Jibril Rajoub, the head of the Palestinian Federation, is holding a press conference today to respond to the FIFA decision and outline the legal steps that Palestine will consider. FIFA members have 21 days to initiate a complaint against any of the decisions by the FIFA council.
James M. Dorsey, senior fellow at Singapore’s S. Rajaratnam School of International Studies, told Arab News that FIFA’s assertion that it is not going to take a political stand was pure fantasy.
“Whatever FIFA asserts, a decision in the Israeli-Palestinian dispute was going to be political. Having said that, FIFA’s decision not to take a stand on clubs of Israeli settlements on occupied territory playing in Israeli leagues constituted a political decision by the organization not to apply its own rules,” he said.
Dorsey added: “It is those kinds of onerous decisions that undermine FIFA’s credibility as a governing body that adheres to good governance.”
Belief running high for Saudi Arabia’s Young Falcons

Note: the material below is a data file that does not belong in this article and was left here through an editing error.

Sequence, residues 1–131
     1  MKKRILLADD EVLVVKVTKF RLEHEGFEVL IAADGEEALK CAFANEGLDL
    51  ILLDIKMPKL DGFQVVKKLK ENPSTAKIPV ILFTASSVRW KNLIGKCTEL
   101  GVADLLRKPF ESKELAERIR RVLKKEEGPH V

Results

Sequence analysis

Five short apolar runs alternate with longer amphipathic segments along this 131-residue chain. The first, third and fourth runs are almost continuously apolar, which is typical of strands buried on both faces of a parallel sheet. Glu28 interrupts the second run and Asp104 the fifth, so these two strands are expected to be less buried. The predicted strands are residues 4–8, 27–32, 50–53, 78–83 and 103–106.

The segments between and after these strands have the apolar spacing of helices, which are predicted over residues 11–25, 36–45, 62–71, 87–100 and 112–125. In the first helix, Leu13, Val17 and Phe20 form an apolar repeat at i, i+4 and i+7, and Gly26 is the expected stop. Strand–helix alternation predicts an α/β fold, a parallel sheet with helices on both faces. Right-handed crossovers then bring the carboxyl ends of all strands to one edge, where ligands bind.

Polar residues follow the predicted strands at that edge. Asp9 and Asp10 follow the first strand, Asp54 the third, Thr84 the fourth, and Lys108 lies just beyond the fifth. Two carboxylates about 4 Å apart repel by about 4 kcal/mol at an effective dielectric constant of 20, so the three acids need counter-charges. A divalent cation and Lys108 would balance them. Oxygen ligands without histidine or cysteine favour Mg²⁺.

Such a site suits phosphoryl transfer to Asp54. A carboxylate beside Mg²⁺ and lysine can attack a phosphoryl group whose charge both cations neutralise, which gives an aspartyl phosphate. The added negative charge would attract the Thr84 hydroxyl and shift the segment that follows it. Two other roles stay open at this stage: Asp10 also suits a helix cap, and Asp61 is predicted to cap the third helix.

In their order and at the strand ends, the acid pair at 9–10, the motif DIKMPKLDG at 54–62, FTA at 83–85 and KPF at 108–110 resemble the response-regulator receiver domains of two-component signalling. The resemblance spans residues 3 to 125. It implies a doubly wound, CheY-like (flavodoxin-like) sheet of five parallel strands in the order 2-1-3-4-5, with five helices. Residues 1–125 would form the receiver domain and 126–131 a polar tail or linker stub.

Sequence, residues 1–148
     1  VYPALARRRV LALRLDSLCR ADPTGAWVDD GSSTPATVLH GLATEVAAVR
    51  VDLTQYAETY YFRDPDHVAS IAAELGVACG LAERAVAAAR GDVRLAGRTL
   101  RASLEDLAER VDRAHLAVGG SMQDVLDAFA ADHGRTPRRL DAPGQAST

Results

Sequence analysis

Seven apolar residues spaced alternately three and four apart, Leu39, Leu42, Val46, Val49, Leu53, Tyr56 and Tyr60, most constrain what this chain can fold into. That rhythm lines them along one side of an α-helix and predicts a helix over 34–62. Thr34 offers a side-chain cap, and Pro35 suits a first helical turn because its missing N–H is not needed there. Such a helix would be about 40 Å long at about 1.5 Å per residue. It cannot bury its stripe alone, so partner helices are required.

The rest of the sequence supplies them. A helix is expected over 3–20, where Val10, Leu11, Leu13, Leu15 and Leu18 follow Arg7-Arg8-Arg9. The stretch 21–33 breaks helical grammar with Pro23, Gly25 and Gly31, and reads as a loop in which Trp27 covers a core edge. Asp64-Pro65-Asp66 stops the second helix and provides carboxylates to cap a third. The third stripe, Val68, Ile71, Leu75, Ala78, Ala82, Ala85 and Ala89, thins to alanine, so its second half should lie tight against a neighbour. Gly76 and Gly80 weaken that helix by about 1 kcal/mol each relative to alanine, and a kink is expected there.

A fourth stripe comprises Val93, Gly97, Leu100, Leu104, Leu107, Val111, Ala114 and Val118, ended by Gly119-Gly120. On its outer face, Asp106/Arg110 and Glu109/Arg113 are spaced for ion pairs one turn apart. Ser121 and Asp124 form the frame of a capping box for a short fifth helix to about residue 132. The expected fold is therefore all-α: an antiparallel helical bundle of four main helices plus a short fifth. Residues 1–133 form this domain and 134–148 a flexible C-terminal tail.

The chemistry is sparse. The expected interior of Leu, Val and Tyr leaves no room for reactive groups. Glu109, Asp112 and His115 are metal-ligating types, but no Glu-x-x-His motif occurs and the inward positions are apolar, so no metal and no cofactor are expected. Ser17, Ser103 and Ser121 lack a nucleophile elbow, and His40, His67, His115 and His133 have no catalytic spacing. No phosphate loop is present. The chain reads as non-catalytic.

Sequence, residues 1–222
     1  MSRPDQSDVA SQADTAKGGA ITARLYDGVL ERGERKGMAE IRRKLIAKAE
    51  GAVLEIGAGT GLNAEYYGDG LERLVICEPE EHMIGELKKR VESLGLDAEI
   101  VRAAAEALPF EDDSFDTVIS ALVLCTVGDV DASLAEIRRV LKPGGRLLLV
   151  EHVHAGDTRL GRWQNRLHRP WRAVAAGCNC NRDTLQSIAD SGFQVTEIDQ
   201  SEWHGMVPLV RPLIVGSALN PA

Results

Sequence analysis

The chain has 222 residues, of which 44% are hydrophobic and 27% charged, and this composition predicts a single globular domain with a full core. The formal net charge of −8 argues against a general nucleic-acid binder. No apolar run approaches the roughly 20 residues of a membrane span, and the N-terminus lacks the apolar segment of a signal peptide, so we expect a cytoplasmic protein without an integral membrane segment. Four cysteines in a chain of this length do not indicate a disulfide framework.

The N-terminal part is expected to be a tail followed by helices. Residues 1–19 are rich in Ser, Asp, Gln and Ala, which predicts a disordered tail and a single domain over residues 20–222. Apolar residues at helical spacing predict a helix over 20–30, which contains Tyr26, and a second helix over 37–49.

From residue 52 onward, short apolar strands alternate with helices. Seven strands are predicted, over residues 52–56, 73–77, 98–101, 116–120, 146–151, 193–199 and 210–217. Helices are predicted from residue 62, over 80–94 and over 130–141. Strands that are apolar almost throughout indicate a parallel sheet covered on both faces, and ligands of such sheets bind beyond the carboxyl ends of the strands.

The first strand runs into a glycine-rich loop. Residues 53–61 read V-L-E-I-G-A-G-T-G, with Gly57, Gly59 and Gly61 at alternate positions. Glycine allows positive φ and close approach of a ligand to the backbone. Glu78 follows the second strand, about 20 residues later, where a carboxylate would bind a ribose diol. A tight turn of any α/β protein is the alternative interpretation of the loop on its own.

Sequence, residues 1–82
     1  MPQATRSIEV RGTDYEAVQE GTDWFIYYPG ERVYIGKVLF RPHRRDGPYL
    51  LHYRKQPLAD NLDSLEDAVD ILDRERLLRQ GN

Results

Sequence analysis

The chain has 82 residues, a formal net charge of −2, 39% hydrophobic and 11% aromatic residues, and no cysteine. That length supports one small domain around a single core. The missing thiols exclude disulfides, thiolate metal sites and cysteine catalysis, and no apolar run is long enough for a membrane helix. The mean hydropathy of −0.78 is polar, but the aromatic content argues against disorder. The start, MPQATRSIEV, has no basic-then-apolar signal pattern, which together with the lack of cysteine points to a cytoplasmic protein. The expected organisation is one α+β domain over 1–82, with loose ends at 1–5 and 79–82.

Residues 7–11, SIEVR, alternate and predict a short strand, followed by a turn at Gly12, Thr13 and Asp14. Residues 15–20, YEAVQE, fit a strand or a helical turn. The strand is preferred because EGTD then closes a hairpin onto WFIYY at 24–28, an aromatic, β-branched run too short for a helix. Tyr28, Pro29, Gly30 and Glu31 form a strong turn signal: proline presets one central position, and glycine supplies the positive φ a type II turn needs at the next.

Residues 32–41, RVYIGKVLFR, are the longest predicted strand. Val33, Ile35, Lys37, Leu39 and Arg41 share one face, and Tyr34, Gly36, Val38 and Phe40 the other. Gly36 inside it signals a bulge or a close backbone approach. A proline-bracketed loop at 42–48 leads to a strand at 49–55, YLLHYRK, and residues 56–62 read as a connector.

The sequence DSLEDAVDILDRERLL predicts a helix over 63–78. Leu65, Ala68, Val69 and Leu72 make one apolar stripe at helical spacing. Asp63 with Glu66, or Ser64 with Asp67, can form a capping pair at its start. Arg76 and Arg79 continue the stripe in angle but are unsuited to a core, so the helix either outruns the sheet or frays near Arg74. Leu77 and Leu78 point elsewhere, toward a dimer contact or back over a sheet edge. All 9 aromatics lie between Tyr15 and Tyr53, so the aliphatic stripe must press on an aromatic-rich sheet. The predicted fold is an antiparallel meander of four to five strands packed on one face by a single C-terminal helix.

- Where others have picked over-aged players, Saudi Arabia, in contrast, have brought their U-21 team
- Al-Shehri arrived at the Games playing down the importance of results and focusing on performances
JAKARTA: Saudi Arabia’s football team are doing things differently at the Asian Games this month. The three-week tournament is open to players aged under-23, with countries having the option to select three over-age players. The result is hosts Indonesia have selected a 37-year-old naturalized Brazilian and South Korea, whose players can avoid mandatory military service if they win gold, have called upon Heung-min Son, the Tottenham Hotspur forward.
Saudi Arabia, in contrast, have brought their Under-21 team.
Coach Saad Al-Shehri, who has been in charge of the side for three years, does not shy from the fact his Young Falcons are here primarily to gain experience and develop ahead of a crucial U23 Asian Championships, which offers direct qualification to the Olympic Games.
Yet he is also aware the deeper his side go this month, the more it will ultimately benefit the Kingdom’s Tokyo 2020 objective.
“We are playing here with an Under-21 team in a tournament that is for Under-23s,” he said. “But I believe in these players. I worked with them at the Under-20 World Cup in 2017 in Korea and this team is the future of Saudi Arabia. I do not doubt that, and the Federation is in agreement.